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Will Virtual Card Numbers Spark a Rush to Spend Apple Cash?

For Apple — and as been seen already with Block (formerly Square) — the drive is to get consumers to spend the cash, rather than just bank it.

Apple, of course, has been forging an ecosystem that includes financial services, where Apple Cash serves as a linchpin. The cash card is built into Apple devices, is housed in the online wallet and acts as both a peer-to-peer (P2P) money service and as a way to shop online and in brick-and-mortar locations.

The card was originally designed to work wherever Apple Pay was accepted, and holders of the Apple Card have been able to save their “daily cash” in a savings account (indications last year were that users had deposited $10 billion), and to use Apple Cash to move money between those accounts.

Beyond Apple Pay

Now the ecosystem is broadening a bit. As reported this week, Apple Cash cards now have virtual card numbers, enabling users to securely spend their Apple Cash at merchants that don’t accept Apple Pay.  

In looking at the company’s latest annual filings, there are no details about the uptake of the cards or the use of Apple Cash. Much of the information has been qualitative — as management has highlighted double digit growth in transacting accounts. Apple Cash, originally Apple Pay Cash, debuted in 2017.  

Through the past several years, and as discussed in a recent column by Karen Webster (illuminating her own use of Apple Pay), the digital wallets and digital cards have evolved to a current state wherein “consumers seem to want to manage the everyday transactional parts of their lives — how they pay, who they pay, how much they spend, and how much they have left to spend. It’s one of the reasons so many consumers gravitate to the everyday app concept.”

The one-stop shop experience, from Apple’s vantage point, has been furthered by an announcement last month: The tech behemoth unveiled an application programming interface (API) enabling users to see their balances on their Apple finance products across Apple Card, Apple Cash and Savings with Apple.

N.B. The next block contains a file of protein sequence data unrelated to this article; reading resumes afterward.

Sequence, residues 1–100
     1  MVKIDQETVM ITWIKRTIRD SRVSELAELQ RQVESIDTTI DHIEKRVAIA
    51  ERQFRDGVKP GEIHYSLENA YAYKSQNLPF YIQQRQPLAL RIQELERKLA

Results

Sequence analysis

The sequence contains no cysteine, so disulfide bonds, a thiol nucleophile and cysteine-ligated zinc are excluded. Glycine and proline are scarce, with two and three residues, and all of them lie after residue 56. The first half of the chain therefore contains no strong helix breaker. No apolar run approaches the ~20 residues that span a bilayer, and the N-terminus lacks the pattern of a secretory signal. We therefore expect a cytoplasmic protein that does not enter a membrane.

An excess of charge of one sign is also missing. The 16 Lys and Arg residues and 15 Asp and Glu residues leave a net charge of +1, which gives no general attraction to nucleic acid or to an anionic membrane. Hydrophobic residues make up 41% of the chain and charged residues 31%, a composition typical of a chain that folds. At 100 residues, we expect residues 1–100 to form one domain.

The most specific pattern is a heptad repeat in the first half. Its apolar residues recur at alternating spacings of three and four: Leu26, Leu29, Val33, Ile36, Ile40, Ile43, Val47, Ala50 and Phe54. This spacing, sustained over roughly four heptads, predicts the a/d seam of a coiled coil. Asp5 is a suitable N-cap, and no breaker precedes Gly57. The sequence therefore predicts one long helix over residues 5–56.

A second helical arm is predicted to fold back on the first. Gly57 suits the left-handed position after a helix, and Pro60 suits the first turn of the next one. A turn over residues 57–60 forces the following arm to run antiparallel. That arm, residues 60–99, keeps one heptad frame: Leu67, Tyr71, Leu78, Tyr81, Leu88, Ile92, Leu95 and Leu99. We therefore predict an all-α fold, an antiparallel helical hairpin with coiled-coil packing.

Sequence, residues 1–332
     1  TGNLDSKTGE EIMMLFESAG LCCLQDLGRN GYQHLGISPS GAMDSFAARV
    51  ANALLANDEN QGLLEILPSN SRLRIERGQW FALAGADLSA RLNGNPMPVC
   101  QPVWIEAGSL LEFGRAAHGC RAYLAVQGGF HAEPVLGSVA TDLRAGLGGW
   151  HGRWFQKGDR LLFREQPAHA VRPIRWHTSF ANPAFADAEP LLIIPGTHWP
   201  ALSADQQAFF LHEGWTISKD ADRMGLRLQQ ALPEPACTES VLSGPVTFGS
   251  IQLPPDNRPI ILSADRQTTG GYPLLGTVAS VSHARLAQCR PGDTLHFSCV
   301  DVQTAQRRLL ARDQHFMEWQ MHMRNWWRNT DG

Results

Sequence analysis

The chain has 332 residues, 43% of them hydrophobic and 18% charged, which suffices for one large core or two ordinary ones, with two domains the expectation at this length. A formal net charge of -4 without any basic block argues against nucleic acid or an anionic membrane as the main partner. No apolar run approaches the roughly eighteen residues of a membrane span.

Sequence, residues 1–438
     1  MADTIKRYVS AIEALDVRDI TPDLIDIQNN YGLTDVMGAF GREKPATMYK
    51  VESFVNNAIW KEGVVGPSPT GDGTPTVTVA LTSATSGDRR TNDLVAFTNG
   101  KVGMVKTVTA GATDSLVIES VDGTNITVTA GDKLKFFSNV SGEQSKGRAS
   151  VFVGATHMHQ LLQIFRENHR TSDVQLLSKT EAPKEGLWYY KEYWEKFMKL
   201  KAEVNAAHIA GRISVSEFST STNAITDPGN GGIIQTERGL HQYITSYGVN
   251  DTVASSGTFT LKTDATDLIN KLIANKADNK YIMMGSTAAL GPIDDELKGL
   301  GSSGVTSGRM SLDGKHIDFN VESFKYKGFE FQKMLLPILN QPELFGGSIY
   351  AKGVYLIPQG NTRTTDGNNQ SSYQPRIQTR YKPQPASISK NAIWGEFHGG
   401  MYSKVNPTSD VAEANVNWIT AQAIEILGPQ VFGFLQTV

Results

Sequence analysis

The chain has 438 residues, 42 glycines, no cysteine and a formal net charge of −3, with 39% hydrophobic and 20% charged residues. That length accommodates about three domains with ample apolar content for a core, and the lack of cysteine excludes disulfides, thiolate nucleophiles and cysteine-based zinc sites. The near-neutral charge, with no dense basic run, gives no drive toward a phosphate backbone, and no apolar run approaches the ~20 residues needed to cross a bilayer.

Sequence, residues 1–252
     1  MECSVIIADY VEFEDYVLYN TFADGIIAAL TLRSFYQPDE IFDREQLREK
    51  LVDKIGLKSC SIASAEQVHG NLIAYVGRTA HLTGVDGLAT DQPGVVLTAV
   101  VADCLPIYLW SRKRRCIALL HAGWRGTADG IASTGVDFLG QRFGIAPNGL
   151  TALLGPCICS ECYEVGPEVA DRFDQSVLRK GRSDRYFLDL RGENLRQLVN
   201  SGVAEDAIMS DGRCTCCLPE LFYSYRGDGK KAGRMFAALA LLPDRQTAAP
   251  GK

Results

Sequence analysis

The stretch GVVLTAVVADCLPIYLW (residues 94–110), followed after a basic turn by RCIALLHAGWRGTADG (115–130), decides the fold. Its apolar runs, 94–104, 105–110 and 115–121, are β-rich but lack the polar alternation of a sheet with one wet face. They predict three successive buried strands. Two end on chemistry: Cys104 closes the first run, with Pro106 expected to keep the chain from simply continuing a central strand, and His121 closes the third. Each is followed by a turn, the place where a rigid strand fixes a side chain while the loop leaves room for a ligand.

Given the fact that, as PYMNTS Intelligence has shown, 54% of Apple Pay Users earn more than $100,000 a year and the company has had roughly 50% share of mobile wallets, the ability to use Apple Cash to spend at merchants who don’t accept Apple pay offers further monetization potential throughout the ecosystem.

Block as Example?

Using Apple Pay to access Apple Cash and using virtual cards, altogether, to create a financial platform of sorts spanning a continuum of activity has some analog, chiefly in the form of Block’s ecosystem. That ecosystem is also linked across apps, cards, P2P payments and savings. 

Block noted in its own fourth quarter results that as of December there were 2 million actives (3% of the total active consumer installed base) depositing their paychecks into Cash App each month. There were 23 million Cash App Card monthly actives.

“In the same way that peer-to-peer payments was a gateway to the Cash App Card, we see the Cash App Card as a gateway to our customers adopting Cash App as a primary banking solution,” CEO Jack Dorsey said in the latest investor letter.  

Cash App Card actives who deposit at least $2,000 of paychecks per month spend nearly 6 times more than Cash App Card actives who do not deposit a paycheck with Cash App, the results said.

In terms of demographics, Cash App’s “base is largely made up of customers with a household income of less than $100,000 per year, and “longer term we see an opportunity to serve customers with a household income of up to $150,000 per year,” Dorsey noted. Cash App Pay logged $2.5 billion in annualized GPV last year.

Apple’s moved a long way from the Apple I computer that helped launch a digital revolution in home nearly 50 years ago. Now it wants to see if it can launch a digital evolution in the palm of one’s hand, at merchants who accept Apple Pay — and those who don’t.